Reasonable values for the duration of subscriptions to the http-
   monitor event package vary widely with the nature of the HTTP
   resource being monitored.  Some HTTP resources change infrequently
   (if ever), while other can change comparatively rapidly.  For rapidly
   changing documents, the ability to recover more rapidly from a
   subscription failure is relatively important, so implementations will
   be well served by selecting smaller durations for their
   subscriptions, on the order of 1800 to 3600 seconds (30 minutes to an
   hour).

   Subscriptions to slower-changing resources lack this property, and
   the need to periodically refresh subscriptions render short
   subscriptions wasteful.  For these type of subscriptions, expirations
   as long as 604800 (one week) or even longer may well make sense.

   Given the broad range of reasonable expirations involved, selecting a
   single default expiration is somewhat tricky.  However, in the
   absence of an expires value in a subscription, the notifier shall
   assume a default expiration value of 86400 (one day).

3.5.  NOTIFY Bodies

   By default, the bodies of NOTIFY messages for the http-monitor event
   package will be of content-type "message/httpfrag".  This content-
   type is defined below, as is its use in the http-monitor event
   package.

3.5.1.  Formal definition of message/httpfrag

   A valid message/httpfrag part is one that could be obtained by
   starting with some valid HTTP message and deleting any of the
   following:

   o  the entire start line
   o  one or more entire header fields
   o  the body

   The following Augmented Backus-Naur Form (ABNF) [1] rule describes a
   message/httpfrag part using the HTTP grammar elements defined in [2].
   The expansion of any element is subject to the restrictions on valid



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   HTTP message syntax defined in [2].

        httpfrag = [ start-line ]
                   *(message-header CRLF)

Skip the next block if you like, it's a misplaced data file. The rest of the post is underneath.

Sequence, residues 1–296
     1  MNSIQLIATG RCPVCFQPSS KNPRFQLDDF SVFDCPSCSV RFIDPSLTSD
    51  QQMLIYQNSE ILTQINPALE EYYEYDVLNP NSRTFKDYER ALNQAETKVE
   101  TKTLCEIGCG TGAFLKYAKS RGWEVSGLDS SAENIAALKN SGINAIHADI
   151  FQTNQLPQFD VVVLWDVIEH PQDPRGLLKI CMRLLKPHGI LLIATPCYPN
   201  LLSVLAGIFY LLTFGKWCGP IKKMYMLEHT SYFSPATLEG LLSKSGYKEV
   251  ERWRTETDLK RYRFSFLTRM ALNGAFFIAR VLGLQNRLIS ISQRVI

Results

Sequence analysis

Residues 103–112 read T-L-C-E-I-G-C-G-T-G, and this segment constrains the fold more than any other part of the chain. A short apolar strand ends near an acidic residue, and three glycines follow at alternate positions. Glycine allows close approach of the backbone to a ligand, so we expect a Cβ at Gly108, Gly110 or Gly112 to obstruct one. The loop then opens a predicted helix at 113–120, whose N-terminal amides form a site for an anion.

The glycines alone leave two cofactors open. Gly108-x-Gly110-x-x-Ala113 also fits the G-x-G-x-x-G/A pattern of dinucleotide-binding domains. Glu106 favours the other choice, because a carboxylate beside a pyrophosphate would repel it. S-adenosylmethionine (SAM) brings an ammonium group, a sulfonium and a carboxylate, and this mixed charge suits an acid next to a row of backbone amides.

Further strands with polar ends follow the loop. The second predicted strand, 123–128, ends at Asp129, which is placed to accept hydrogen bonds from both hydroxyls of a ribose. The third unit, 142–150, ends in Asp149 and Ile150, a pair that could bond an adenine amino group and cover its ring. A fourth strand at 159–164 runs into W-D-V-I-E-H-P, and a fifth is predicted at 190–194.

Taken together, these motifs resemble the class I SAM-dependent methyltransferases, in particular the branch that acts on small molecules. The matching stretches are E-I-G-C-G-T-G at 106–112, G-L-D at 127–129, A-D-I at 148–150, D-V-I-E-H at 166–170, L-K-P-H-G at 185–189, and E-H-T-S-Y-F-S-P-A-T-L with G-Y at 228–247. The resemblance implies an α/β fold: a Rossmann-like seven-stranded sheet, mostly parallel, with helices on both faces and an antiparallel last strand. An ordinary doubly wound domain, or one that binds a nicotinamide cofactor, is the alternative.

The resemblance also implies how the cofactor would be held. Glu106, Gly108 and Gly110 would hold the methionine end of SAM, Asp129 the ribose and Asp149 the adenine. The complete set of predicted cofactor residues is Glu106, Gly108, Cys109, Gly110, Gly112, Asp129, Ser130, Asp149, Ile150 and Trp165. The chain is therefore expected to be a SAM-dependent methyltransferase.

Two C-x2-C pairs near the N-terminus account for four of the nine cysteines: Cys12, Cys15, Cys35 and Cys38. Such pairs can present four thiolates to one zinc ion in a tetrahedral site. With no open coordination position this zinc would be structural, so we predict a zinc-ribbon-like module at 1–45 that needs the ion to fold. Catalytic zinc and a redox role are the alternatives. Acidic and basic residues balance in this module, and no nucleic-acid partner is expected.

[ CRLF [ message-body ] ]

   If the message/httpfrag part contains a body, it MUST also contain
   the appropriate header fields describing that body (such as Content-
   Length) and the blank line separating the headers from the body.

3.5.2.  Use of message/httpfrag in HTTP Monitor Event Package

   The message/httpfrag NOTIFY bodies used in the HTTP monitor event
   package represent a subset of the HTTP response that would be
   returned if the client used an HTTP GET to retrieve the HTTP
   resource.  Except for the normative constraints described in the
   remainder of this section, the notifier MAY include any arbitrary
   subset of the HTTP response, including the entire set of headers.

   An example of a message/httpfrag body as used in this event package
   is shown below.

     ETag: 38fe6-58b-1840e7d0
     Last-Modified: Sat, 13 Nov 2010 23:29:00 GMT
     Content-MD5: 4e3b50421829c7c379a5c6154e560449

   When used in the HTTP monitor event package defined in this document,
   the message/httpfrag MUST contain at least one of an ETag or Content-
   MD5 header, unless returning a null state as described in
   Section 3.7.  It MAY contain both.  Inclusion of a Last-Modified
   header is also RECOMMENDED.

   When used in the HTTP monitor event package, the message/httpfrag
   MUST NOT contain a message-body component, unless the corresponding
   subscription has explicitly indicated the desire to receive such
   bodies in the form of a filter.  Filters for this event package are
   out of scope for this specification.

   If the change to the resource being communicated represents a
   modification of the resource's value, the message/httpfrag MAY
   contain a start line.  If present, this start line will contain a the
   same 2xx-class HTTP response that would be returned if a user agent
   attempted to access the HTTP resource with a GET request (e.g., "200
   OK").

   If the change to the resource being communicated represents a
   renaming of the HTTP resource, the message/httpfrag MUST contain a
   start line; this start line will contain a the same 3xx-class HTTP